Cosseting our kids is a good thing — mostly


Today’s teenagers are no fun at a party. Across the rich world, teenagers are less likely to drink and less likely to take drugs. They are also less likely to have sex, though the drop in the number of teenagers claiming to have had sexual intercourse may in fact reveal that today’s teenagers are more honest.

They are also, as almost any employer will privately tell you, less resilient, more entitled and less effective than the last set of teenagers — who in turn, were less likely to be decent workers or heavy drinkers than their parents were.

They are also much less likely to die: child mortality, as with infant mortality, has fallen over recent decades across the rich world. They are much less likely to commit or be the victims of crime.

These facts are all linked: the same thing that means the children and teenagers of today are less likely to get drunk or stoned is also why people complain that modern children are cosseted and spoilt. That same thing? Parenting!

Broadly speaking, most of us, whether we are thinking about our children or those of our close friends, want them to have better, easier and safer lives than we had. And broadly speaking, the longer you do something, the better you get at it. That works in two ways: directly, children and teenagers benefit from the inherited advantages from their parents. But they also benefit from advances in science and technology, some positive (we now know that smoking kills) and some negative (teenagers and children, just like the rest of us, are the subject of ever more sophisticated means of surveillance).

But taken together, it creates a situation where parents, on the whole, do a pretty good job of entrenching some of the privileges they had to fight for without their children really noticing, whether they are the first in their family to go to university or the 15th, while technological and social change also makes each subsequent generation less exposed to the messy realities of life. My shower is much more sophisticated than the one in my grandfather’s house was. I also have a much more limited idea of how to go about fixing it if it breaks.

The story across the world isn’t of unbroken advance. In the UK, teenagers are more likely to be obese than they are in most of the rest of the rich world, and the same decreases in child and teenage mortality that have been seen elsewhere have not been enjoyed in the UK. But a teenager in the UK is less likely to die due to motor traffic accidents than they are in most of the rich world.

And our greater effectiveness in looking out for and encouraging children and teenagers to take fewer risks is not without downsides. As Sarah-Jayne Blakemore, professor of Psychology and Cognitive Neuroscience at Cambridge university and the author of the excellent Inventing Ourselves: The Secret Life of the Teenage Brain explains, many high risk activities teenagers take part in are also “pro-social” ones: they reflect a teenager’s desire to fit in and integrate into their immediate community of other teens and they allow them to develop resilience and resourcefulness. Resilience and resourcefulness are, of course, the two things that people frequently complain that young entrants to the workplace lack.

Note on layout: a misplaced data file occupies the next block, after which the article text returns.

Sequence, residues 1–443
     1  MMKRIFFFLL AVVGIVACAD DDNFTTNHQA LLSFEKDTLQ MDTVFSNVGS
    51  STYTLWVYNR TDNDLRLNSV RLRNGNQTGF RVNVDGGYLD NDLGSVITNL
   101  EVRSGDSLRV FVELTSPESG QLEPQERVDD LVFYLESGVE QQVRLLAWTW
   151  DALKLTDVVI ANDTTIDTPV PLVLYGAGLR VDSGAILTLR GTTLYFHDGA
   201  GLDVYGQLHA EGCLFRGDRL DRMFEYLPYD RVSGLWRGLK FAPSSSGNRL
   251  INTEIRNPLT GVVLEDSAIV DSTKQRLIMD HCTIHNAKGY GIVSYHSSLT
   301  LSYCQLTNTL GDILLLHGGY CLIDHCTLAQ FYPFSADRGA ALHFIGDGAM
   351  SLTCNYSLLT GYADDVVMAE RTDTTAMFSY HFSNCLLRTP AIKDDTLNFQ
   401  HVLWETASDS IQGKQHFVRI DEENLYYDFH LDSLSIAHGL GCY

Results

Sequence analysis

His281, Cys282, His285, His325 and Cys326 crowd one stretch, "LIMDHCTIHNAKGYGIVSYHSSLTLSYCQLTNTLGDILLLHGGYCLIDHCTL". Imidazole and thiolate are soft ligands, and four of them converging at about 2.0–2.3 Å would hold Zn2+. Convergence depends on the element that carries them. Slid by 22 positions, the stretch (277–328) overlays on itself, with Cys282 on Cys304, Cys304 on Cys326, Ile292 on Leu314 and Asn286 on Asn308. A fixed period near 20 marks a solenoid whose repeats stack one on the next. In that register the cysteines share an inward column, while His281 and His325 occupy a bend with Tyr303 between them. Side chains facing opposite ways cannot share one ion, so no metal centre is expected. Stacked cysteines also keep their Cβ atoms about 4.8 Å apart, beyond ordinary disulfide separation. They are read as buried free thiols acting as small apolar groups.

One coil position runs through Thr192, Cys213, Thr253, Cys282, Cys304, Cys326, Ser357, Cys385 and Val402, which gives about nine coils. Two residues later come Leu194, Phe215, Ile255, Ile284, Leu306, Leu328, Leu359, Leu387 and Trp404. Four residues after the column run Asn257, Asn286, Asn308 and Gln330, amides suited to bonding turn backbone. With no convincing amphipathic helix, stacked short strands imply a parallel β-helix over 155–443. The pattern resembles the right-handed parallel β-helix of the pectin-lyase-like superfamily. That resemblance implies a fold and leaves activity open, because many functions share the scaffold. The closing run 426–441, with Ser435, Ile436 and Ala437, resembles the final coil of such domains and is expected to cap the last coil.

Ultimately, of course, you can’t realistically prevent parents and other caregivers doing whatever they can to make their children’s lives easier. Nor would it be desirable to do so even if you could, as for most people, creating a better life for their children is a major part of what motivates them to get up and leave the house in the morning. Or at least, get up and turn on Zoom in the morning.

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Nor would any government have an easy time unpicking or halting the tide of various technologies that allow parents to monitor and stay in touch with their children like never before. Taking risks and staying out late drinking with your friends are pro-social activities for most teenagers — but it’s a hard sell to explain to any individual adult that their son having his stomach pumped is a net win for his social and psychological development. And, of course, society as a whole is better off because the current cohort of teenagers is more squeaky-clean than those that came before.

But it does come at a cost: not only through the development of the young but also at a cost to societal resilience. States in the rich world are not going to be able to undo the imperatives to care for your children well, and they shouldn’t try. However, they could and should do more to create managed opportunities for young people to learn to take risks and to build resilience.

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